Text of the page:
Listening In preview: Michael Martin Murphey

MARY REICHARD, HOST: Next up on The World and Everything in It: cowboy music!

Michael Martin Murphy helped launch the Americana or Roots music movement with his 1990 album Cowboy Songs. But his influence over the genre began two decades earlier in Austin, Texas. A new exhibit at the Country Music Hall of Fame in Nashville celebrates his contributions.

MEGAN BASHAM, HOST: On this week’s Listening In, host Warren Smith talks to Michael Martin Murphy about what influences him. Let’s listen now to an excerpt.

WARREN SMITH: You turn back to cowboy music, at least that was a part of the of the turn, and you said you sought out Roy Rogers. And he offered you some advice. So what was that advice that he gave you?

MICHAEL MARTIN MURPHY: Well, Roy told me two things. He said, first of all, if you want to be a singing cowboy, you have to live by the code that me and Gene and all the other guys live by in public. Even though some of them didn’t live by it in private. And he said at first, neither did I. He said but our public code was never do anything that would send a kid down the wrong trail. And I rolled my eyes and I said, boy, that’s just so corny. Then I went home that night and before I laid down my head on the pillow, I thought, you know what, if I challenged myself to never do anything that would send a kid down the wrong trail? That’s actually the most profound thing anybody’s ever told me. If every single day you got up and said today I’m not going to do anything that would damage a child. And so that was a big influence. The other thing he told me was if you want to be a singing cowboy, get yourself a good looking horse. Because when you get old and ugly, the kids will still like the horse.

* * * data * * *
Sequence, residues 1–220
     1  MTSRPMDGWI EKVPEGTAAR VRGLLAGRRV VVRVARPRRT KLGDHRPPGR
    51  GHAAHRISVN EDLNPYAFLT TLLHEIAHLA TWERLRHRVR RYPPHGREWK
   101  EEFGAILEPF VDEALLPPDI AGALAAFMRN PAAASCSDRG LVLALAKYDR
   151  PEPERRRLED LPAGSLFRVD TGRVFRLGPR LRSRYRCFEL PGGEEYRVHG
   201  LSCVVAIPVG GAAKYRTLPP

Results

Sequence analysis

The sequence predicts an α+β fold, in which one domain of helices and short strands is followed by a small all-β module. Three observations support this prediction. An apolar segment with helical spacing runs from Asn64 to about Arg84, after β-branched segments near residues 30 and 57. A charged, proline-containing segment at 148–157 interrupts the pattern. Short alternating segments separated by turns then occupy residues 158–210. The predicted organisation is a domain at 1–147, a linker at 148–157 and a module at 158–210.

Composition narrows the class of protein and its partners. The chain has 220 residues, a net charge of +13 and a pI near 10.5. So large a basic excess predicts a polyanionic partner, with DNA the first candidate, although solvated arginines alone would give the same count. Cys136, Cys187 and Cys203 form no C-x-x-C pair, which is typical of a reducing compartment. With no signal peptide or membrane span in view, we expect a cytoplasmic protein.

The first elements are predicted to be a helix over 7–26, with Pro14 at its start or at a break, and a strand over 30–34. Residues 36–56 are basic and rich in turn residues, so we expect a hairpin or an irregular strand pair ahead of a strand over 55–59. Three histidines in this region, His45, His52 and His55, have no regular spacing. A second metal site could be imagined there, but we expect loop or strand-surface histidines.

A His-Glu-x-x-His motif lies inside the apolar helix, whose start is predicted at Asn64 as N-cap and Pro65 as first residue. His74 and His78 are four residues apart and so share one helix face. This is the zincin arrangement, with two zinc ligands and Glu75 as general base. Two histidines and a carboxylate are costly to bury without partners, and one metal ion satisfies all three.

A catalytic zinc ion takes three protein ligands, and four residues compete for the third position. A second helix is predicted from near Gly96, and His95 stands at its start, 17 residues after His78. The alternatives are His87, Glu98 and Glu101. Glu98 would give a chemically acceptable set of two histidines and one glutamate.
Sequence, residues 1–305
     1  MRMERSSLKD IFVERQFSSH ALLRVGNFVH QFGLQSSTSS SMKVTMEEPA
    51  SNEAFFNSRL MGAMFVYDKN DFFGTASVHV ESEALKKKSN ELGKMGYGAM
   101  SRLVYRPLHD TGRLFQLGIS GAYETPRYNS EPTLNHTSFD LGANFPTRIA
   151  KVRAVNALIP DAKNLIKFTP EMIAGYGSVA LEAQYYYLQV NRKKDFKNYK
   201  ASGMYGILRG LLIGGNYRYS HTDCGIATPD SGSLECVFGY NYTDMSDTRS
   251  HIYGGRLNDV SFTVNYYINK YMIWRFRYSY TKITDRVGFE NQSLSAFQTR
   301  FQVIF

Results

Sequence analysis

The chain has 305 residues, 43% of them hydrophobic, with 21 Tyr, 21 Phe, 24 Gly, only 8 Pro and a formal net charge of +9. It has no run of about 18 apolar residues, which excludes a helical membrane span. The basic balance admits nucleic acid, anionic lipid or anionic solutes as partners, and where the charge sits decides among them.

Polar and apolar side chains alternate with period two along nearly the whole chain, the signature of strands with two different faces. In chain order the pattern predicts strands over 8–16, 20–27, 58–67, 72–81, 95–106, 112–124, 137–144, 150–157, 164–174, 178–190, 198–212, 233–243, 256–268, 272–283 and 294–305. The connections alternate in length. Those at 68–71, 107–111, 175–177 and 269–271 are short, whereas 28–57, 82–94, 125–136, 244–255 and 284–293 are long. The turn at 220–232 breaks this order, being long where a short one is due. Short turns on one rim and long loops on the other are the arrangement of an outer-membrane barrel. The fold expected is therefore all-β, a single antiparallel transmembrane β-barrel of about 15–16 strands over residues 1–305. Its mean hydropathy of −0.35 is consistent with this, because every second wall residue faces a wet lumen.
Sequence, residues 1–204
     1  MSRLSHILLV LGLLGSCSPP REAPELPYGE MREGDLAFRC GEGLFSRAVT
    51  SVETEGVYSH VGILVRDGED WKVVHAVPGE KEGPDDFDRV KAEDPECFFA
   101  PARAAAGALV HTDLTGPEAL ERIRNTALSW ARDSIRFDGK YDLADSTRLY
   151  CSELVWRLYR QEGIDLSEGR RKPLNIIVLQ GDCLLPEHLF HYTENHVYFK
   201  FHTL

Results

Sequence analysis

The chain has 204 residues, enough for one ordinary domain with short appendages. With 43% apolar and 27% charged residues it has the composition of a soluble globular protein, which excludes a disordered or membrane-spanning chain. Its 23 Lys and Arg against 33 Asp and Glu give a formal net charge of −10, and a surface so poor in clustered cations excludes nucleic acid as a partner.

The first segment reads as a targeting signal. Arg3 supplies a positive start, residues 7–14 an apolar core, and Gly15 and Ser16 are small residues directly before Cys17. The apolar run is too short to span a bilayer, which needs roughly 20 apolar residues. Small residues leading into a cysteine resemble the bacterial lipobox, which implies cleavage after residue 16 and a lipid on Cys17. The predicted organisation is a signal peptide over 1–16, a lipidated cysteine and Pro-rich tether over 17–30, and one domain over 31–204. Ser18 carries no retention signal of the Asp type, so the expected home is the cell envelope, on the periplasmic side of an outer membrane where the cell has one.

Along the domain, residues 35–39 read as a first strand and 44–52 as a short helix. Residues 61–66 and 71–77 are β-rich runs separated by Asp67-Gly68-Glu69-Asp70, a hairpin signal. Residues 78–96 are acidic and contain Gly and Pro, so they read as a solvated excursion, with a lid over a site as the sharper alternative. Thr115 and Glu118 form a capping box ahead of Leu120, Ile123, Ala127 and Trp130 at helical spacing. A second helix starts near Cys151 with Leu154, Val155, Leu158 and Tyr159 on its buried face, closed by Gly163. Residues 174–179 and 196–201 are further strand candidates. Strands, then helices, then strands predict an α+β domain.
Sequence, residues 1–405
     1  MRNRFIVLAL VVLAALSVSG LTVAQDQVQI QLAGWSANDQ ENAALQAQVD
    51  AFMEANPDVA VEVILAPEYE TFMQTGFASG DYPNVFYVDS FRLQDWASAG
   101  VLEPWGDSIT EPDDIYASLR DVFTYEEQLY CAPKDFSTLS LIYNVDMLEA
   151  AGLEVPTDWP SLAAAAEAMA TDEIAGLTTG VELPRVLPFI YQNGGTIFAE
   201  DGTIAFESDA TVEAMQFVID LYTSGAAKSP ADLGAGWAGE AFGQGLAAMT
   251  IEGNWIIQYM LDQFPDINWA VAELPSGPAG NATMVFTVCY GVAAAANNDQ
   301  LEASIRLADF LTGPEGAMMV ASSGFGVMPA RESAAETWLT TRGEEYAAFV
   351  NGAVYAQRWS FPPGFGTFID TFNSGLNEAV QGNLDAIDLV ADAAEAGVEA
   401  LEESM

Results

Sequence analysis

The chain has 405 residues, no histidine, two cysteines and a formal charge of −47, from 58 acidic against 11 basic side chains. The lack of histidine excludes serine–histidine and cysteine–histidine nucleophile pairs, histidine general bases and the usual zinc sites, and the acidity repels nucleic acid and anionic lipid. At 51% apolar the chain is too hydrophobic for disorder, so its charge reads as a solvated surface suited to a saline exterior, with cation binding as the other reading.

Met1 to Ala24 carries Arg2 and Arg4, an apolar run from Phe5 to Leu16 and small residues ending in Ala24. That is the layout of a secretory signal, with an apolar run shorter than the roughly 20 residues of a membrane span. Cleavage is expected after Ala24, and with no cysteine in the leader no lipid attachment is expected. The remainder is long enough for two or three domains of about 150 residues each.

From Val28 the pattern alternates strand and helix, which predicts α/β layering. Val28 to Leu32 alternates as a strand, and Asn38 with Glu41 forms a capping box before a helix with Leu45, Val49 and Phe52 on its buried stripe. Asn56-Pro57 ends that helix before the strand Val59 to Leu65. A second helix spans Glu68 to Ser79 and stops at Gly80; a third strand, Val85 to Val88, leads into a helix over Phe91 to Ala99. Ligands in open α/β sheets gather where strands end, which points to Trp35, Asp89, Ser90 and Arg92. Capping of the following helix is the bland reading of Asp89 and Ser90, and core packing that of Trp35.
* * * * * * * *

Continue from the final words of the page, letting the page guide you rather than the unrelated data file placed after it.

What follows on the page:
So I also had throughout my life, this deep feeling that you need to do, even though it won’t save you, you need to do good things for humanity. You need to try to turn things around for people that come within your sphere of influence. I think again, Albert Sweitzer probably said it best. He said, it isn’t selfish to just keep it within your sphere of influence. You don’t have to save the whole world. You don’t have time. But whatever comes within your sphere of influence, you are responsible for.

(Photo/Cactus Theater)

WORLD Radio transcripts are created on a rush deadline. This text may not be in its final form and may be updated or revised in the future. Accuracy and availability may vary. The authoritative record of WORLD Radio programming is the audio record.

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